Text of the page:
Niacinamide is like a good character actor — it does many things really well. If your skincare goals include less irritation and inflammation, skin coloration benefits, less free and protection from radical damage from UV, niacinamide is for you.
In this article, you’ll learn:
- How niacinamide benefits your skin.
- How niacinamide helps with acne.
- How niacinamide helps with rosacea.
- If niacinamide and retinol work together.
- Niacinamide’s side effects on skin.
What is niacinamide?
Dr. Steve, Geologie founding dermatologist, said: It's a super ingredient, a form of niacin, a.k.a. vitamin B3, which is important in maintaining your skin health. Niacinamide has a lot of different mechanisms of action. Mostly it's an anti-inflammatory and antioxidant, but it has other effects like transport melanosomes, which affects skin pigmentation as well.
What are niacinamide’s benefits for skin?
Here’s a cheat sheet explaining what niacinamide does:
- By preventing dirt from clogging in pores, niacinamide helps pores shrink down to normal size which can smooth rough and bumpy skin.
- It prevents moisture loss and protects against environmental damage by increasing the production of lipids. This strengthens the surface barrier of the skin and helps smooth out wrinkles.
- It has a free radical scavenging effect. That means it neutralizes free radicals by acting as a natural "off" switch and disrupts a chain reaction that would otherwise have a negative effect on other molecules in the cell.
- It helps regulate the amount of oil the sebaceous glands produce to keep your skin from getting too oily.
- It’s an anti-inflammatory, helping with acne, rosacea and certain types of irritation.
So, in short, niacinamide:
- Reduces spots and hyperpigmentation
- Boosts cell regeneration
- Regulates oil production
- Tightens pores
- Improves skin defense to help knock out acne
Does niacinamide help with acne?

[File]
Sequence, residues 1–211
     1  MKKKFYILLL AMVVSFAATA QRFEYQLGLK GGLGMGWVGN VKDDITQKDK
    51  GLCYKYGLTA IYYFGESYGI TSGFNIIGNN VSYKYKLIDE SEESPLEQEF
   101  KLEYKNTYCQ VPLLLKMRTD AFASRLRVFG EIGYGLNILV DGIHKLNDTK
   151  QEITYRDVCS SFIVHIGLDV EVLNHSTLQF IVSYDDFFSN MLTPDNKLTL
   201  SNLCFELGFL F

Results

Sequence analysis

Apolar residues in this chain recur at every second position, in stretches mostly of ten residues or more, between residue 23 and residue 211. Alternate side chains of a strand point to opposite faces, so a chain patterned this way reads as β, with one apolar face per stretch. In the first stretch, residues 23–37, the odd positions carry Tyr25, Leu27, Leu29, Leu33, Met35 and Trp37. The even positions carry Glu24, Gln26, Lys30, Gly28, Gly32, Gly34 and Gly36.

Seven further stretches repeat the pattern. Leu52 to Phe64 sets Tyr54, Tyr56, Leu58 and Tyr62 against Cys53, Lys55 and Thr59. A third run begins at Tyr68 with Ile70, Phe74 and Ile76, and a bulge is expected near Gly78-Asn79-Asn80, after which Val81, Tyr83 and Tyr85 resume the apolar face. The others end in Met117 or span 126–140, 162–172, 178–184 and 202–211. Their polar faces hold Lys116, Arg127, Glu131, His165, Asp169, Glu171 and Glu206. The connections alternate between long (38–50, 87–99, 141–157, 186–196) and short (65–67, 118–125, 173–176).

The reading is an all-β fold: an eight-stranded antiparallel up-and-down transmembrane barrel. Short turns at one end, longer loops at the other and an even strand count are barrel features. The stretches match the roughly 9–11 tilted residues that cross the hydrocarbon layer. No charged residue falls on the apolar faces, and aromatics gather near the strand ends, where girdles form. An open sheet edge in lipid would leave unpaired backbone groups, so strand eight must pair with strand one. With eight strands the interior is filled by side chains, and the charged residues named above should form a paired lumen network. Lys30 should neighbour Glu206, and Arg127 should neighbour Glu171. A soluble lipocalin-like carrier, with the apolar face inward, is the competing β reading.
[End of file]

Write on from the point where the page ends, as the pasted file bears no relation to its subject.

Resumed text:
Dr. Steve: Yes, it mitigates it and reduces the body’s overreaction to barrier function abnormalities, like the swelling and redness associated with acne. A lot of the medicines that work as an anti-inflammatory are actually suppressing the immune system. It also works to regulate the amount of acne-causing oil being produced by the glands in your skin.
I will also say that the fact that there's a moisturizer in niacinamide reduces inflammation because you're restoring the barrier, you're mitigating the triggers and moisturization itself is anti-inflammatory. It actually helps the skin heal better. So it kind of works both ways, directly anti-inflammatory, but also improving the barrier.
Is niacinamide good for rosacea?
Dr. Steve: Yes. Like acne, rosacea is an inflammatory skin condition and one of the most common causes of redness on the face. Rosacea is hyper reactivity of the blood vessels of the face, which leads to dilation of the blood vessels and that flushing look. As an anti-inflammatory, niacinamide reduces skin inflammation.
Do niacinamide and retinol work together?
Dr. Steve: Retinol and niacinamide both improve skin coloration, they help with those dark splotches. So they have a dual effect in that way. Initially, retinol does cause some skin peeling and dryness and irritation, and niacinamide can soothe and calm that initial irritation related to retinol. So I can see those working together. But ultimately, they're both really well established ingredients that help skin health overall.
Does niacinamide have any side effects on the skin?
Dr. Steve: If you use too much or too often you can get redness. That’s because as a B vitamin, sometimes it does cause some flushing, but that's transient.
This is why reading skincare ingredients can be helpful. For example, consumers might think that ingredients with 1% concentration may seem low, but chemists specializing in cosmetics know that this concentration is already pretty significant.
There are lots of niacinamide products on the market that contain high concentrations, and there is no prescription topical niacinamide. That said, I think percentages are often abused. So it comes down to purity and potency, that also drives percentages. The FDA does regulate percentages in terms of how much you put in, in order to stay in over-the-counter products. We put 3% in our products — in the eye cream, morning cream, and night cream. At that formulation it’s well tolerated while also getting benefits.
What kind of results can I expect from niacinamide — and how soon?
After 4 weeks of using niacinamide, you can expect to see:
- Improved hyperpigmentation
- Increased skin hydration
- Reduced sebum levels
After 8 weeks, you’ll see:
- Reduction in pore size and and evenness of skin
- Reduction in the number of acne lesions and severity
How Geologie can help reduce redness
Go personalized! Take our skincare quiz for a personalized skincare routine just for you and your red, inflamed skin.
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